In the South, or at least in Pinehill, North Carolina, the setting of Alice Adams's After the War
, "before the war" means before the Civil War. But in this sequel to A Southern Exposure
(which introduced the displaced Yankee Baird family, their Pinehill neighbors, and their kaleidoscopic liaisons, and which ended as World War II began), after the war refers to a more modern era: after the bomb, after the various men have come home, when everyone supposes life will begin again as they once knew it. An autumnal, nostalgic quality pervades Adams's posthumously published 11th novel, partly because Cynthia Baird is a little older (her daughter has left for college and her husband is a naval officer in England where bombs drop and ladies with "rose petal skin" who are "good at riding and gardening, cooking roast beef and puddings" threaten danger of another sort) and partly because from our perspective at the beginning of the 21st century we well know that life never will be the same.
With her delicate, breathy, gossipy prose, Adams slips among her characters like a hostess at a party. Soon the bits and pieces, confidences and asides, fit together into a mosaic of personalities and events that illuminate the coming political and social upheavals of the late '40s. At Swarthmore, ardent, open-minded Abby Baird falls in love with a Jewish physics major with Communist parents. Melanctha Byrd, traumatized by her body image, drops out of Harvard where her brother discovers he's gay. Out in Texas the poet Russ Byrd, who's contemplating writing a play featuring the secret laboratory at Los Alamos, meets an untimely end in the company of a decommissioned black sergeant, raising suspicions of foul play. Meanwhile, back in Pinehill, "people were more aware of the state of Cynthia's lawn and her flowers, of their own lawns and flowers, than of the terrible but distant war." Cynthia cultivates her garden, spars with poor, silly Dolly Bigelow, and carries on a desultory love affair with a war correspondent, until he replaces her with someone else. Pinehill is, after all, a small and complicated Southern town.
With the precise ear and acute observation of a modern Jane Austen, Alice Adams weaves an artful portrait of a town and a time, bittersweet for one generation, perilous and full of potential for the next. Like its predecessor, After the War is a gentle, generous, and enlightening comedy of manners. --Victoria Jenkins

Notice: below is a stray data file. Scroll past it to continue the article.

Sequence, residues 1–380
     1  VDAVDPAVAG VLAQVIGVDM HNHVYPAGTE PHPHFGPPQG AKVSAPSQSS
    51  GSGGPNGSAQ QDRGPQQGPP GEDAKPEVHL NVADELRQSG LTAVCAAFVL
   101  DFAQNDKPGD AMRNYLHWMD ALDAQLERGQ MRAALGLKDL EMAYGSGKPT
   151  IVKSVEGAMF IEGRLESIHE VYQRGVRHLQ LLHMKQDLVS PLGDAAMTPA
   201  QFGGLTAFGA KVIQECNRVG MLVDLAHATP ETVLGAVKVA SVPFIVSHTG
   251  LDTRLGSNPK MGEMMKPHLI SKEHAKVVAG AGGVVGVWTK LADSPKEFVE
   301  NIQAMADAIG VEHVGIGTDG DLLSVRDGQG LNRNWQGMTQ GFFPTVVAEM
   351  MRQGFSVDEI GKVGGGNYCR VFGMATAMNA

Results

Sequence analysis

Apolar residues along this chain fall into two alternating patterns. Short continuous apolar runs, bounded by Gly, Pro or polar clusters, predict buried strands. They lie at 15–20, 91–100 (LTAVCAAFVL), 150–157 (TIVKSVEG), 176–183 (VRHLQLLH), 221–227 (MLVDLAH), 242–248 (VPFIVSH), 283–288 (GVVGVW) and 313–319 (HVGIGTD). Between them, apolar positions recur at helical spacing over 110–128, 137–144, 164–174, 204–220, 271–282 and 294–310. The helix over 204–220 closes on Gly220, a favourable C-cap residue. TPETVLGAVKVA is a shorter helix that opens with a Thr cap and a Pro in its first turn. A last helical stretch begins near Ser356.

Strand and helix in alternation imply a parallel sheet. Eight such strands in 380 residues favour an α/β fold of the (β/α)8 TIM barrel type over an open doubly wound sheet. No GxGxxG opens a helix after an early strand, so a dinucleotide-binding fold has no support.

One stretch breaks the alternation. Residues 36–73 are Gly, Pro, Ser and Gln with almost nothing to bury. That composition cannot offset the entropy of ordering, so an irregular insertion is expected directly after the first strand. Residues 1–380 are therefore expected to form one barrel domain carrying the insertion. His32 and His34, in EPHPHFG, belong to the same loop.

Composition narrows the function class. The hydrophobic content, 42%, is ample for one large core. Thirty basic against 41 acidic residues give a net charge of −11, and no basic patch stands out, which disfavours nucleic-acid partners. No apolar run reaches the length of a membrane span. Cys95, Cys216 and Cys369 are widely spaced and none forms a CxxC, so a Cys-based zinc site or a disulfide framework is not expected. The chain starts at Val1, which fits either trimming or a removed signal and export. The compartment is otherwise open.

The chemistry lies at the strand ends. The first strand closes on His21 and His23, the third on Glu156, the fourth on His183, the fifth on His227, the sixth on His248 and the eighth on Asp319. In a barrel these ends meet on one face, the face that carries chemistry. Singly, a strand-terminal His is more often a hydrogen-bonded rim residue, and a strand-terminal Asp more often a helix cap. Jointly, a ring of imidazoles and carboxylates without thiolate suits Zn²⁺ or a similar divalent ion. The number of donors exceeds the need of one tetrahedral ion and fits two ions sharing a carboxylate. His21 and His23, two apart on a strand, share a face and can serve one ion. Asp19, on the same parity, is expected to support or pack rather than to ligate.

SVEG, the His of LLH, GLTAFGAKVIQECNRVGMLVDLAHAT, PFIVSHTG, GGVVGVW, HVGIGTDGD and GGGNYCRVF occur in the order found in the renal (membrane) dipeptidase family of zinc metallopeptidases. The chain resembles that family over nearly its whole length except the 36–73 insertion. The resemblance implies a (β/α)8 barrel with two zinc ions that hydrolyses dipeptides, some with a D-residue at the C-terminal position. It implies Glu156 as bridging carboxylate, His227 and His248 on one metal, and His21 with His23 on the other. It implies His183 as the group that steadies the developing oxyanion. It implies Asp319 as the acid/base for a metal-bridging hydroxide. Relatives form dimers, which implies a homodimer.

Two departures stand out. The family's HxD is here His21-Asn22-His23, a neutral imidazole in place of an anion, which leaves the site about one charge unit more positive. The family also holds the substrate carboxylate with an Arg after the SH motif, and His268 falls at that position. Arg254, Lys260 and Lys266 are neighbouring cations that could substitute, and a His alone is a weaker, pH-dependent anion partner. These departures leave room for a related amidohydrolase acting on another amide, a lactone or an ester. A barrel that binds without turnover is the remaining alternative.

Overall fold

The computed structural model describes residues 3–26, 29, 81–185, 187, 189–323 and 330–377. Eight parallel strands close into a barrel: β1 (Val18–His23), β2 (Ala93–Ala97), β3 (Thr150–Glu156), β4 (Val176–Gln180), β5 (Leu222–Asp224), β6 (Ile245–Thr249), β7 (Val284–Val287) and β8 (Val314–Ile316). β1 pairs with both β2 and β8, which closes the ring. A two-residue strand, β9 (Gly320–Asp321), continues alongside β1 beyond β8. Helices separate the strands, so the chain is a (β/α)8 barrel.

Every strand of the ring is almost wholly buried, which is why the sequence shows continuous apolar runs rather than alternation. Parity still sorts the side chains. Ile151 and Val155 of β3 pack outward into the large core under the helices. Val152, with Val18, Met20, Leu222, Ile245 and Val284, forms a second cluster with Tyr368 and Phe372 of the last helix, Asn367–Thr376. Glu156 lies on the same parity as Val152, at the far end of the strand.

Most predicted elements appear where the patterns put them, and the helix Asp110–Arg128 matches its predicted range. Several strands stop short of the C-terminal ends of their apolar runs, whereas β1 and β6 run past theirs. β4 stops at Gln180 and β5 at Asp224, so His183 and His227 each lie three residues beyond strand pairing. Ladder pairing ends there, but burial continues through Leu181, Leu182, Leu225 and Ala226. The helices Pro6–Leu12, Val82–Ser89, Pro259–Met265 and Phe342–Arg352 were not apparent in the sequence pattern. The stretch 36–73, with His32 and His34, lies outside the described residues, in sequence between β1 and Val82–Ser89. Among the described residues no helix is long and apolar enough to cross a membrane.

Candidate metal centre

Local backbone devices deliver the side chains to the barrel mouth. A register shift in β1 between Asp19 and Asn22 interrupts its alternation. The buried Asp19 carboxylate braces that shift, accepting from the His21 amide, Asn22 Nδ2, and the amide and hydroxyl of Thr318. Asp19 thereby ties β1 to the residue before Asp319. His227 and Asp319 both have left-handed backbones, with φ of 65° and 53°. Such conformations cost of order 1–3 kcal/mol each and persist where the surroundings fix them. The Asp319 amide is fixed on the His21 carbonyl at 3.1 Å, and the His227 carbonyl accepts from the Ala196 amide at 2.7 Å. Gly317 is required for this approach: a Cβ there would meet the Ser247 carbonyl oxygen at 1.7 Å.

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From Publishers Weekly
Reading this posthumous novel is a bittersweet experience. On the one hand, it's wonderful to be back in the Southern town of Pinehill, and to enjoy Adams's inimitable prose and her calm intimacy with the characters introduced in A Southern Exposure. On the other, it's a pity to realize that we'll never know what future lives Adams had planned for these vibrant individuals. WWII is raging as the novel opens in 1944; Yankee transplant Cynthia Baird is now "an actively unfaithful naval wife." Her husband, Harry, is stationed in London, and famed war correspondent Derek McFall is filling his bedDuntil Derek's roving eye takes him to another boudoir. The Bairds' daughter, Abigail, is off to Swarthmore, and her friend Melanctha Byrd will go to Radcliffe. Famous romantic poet Russ Byrd, Melanctha's father and once Cynthia's lover, is now married to luscious Deirdre, who will soon be on the loose to search for another partner. Implacably dignified Odessa, the black housekeeper, is worried about her husband, Horace, on duty in the Pacific. The usual large cast is augmented by the introduction of a New York Jewish couple with Hollywood ties, active members of the Communist Party, and their college-age children. Everybody is still lusting, drinking, filled with inchoate longings and awash with memories of past liaisonsDbut some are becoming aware of new social stresses: changing race relations, a freer sexual climate, the threat of communism. Adams's deep acquaintance with her milieuDSouthern speech, cultural assumptions, casual bigotry and lush landscapeDshines clear in events, dialogue and descriptive passages of almost palpable sensation. Her acuity with period details allows a smooth reference to the atomic bomb and the musical Oklahoma in the same sentence. There are innumerable funny scenes, two deaths, several fraying marriages and a few young romances, one of which culminates in a wedding. Adams knew the hard truths of human life: that people (especially those in the sway of sexual passion) often behave badly, but generally have good intentions; that hardship often prompts compassion in the most unlikely hearts; and that our time on life's stage is brief. Unfortunately, hers was too brief by far. (Sept.) FYI: Adams died in 1997.
Copyright 2000 Reed Business Information, Inc.
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